Myth #1:  You Should Run Because it Burns More Calories than Walking

First, lets consider this: The amount of calories you wipe out on a walk is contingent upon your weight, how far and how fast you walk. For individuals trying to lose a significant amount of weight, there is a certain sweet vengeance in knowing that the heavier you are, the more calories you’ll burn per hour. And yes, the faster your walking speed, the more calories you’ll get rid of.

Critics of walking may tell you that running burns more calories and it does. But, is running a viable option for you? Running is not something everyone can do.  Walking, however, is a ‘user-friendly’ exercise that almost everyone can do at some level.

To help clarify the walking vs. running argument, think of it this way: Walking burns about 600 calories an hour. Running burns about 700 calories an hour. Can you run for an hour? And no matter how you answer that question, the answer to this next question is the most important:

Do you want to run for an hour?

If so, great! If not, go for a walk, enjoy the outdoors or use the time for prayer and meditation on the treadmill.

The point: Lose weight while doing something meaningful.

Myth #2: You Can’t Lose Weight By Walking.

Walking Doesn’t Burn Fat.  Walking Doesn’t Reach the Cardio-zone or Fat Burning Zone. You’ve probably heard other variations of these thoughts, yourself.

In reality, we don’t need to over complicate things.  Keep it simple. Just remember: Walking burns calories.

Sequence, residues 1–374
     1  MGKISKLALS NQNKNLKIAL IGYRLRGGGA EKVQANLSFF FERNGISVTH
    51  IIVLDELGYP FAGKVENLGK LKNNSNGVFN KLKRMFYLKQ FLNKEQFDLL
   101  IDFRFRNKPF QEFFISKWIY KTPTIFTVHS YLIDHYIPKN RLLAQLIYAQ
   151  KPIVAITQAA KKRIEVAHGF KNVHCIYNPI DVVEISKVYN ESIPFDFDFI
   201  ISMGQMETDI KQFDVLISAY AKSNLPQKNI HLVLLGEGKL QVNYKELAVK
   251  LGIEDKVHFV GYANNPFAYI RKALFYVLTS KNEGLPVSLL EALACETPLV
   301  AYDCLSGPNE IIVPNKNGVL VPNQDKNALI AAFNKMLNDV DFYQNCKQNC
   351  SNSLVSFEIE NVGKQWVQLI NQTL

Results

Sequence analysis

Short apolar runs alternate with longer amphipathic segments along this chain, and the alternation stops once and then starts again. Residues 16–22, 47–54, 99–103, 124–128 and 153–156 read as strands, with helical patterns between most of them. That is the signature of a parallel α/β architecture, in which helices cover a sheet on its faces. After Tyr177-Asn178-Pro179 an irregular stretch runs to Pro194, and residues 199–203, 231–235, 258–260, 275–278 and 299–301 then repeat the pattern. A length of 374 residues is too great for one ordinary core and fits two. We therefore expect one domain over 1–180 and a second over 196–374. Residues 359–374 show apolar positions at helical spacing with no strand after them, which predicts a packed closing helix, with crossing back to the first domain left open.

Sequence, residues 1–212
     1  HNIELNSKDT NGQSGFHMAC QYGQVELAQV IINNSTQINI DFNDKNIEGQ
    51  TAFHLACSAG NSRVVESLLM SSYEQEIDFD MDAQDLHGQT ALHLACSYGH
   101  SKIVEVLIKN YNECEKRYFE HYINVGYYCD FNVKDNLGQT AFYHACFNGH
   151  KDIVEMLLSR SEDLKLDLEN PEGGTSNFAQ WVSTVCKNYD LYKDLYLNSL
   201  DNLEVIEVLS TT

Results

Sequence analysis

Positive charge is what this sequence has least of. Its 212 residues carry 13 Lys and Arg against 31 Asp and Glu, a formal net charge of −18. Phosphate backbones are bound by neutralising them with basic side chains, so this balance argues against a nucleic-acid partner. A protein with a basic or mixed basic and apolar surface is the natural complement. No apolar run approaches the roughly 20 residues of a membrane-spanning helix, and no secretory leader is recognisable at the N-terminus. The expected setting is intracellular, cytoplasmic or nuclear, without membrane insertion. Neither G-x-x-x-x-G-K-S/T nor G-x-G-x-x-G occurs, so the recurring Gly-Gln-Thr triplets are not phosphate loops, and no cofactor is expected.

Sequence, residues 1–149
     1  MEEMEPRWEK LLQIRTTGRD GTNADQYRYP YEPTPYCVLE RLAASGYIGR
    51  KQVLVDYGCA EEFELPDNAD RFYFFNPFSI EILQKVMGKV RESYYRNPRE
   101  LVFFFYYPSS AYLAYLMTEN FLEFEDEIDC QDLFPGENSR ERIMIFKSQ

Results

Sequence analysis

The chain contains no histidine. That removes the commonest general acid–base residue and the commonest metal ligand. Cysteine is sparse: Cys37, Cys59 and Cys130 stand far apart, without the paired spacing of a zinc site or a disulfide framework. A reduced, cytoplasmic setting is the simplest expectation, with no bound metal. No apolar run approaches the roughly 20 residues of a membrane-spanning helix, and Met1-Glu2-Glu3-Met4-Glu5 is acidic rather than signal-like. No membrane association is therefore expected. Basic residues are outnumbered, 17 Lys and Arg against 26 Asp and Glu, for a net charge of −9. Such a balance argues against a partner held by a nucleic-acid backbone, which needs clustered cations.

Want to kill off a pound by walking? Burn 3,500 calories and you’re done.

Here’s an example using a person who is 200lbs: If you walk for an hour per day at a 3.5 mph pace, a pound could be gone in just over 10 days and this without any dieting.  And, yes, you could lose more if you incorporated a sensible diet into the mix.

What if the stress of trying to find that magical fat burning zone isn’t necessary to achieve the results you want?

Adjust your nutrition and walking plan to accommodate your weight loss objectives and you’ll be more likely to reach your personal goals.

Myth #3:  You Need Shoes Designed for Walking or “Walking Shoes.”

Sure, there are some well-made walking shoes on the market. Unfortunately, there are also many shoes branded as “walking shoes” that may do more harm than good. If you try on a walking shoe that feels heavy, stiff, inflexible and even overly cushioned, just put it back.You don’t want shoes that could cause you to have extra aches and pains.

Look for lightweight, low heel and proper fit. Many people do great wearing running shoes because they are often designed to be lightweight, flexible and to fit certain strides.

So, while you don’t need any special equipment to go for a walk, a good pair of shoes that allows you to be comfortable is a must.

Study after study shows that walking can reduce health risks substantially. Don’t let yourself get overwhelmed by all the hype out there. Have fun, put on your shoes and go outside. If the weather isn’t good for a walk, visit your local gym, or consider walking “laps” around a shopping mall. There are some great places to walk and great reasons for doing so. Make it about you, being your best self and being intentional about living your best life one step at a time.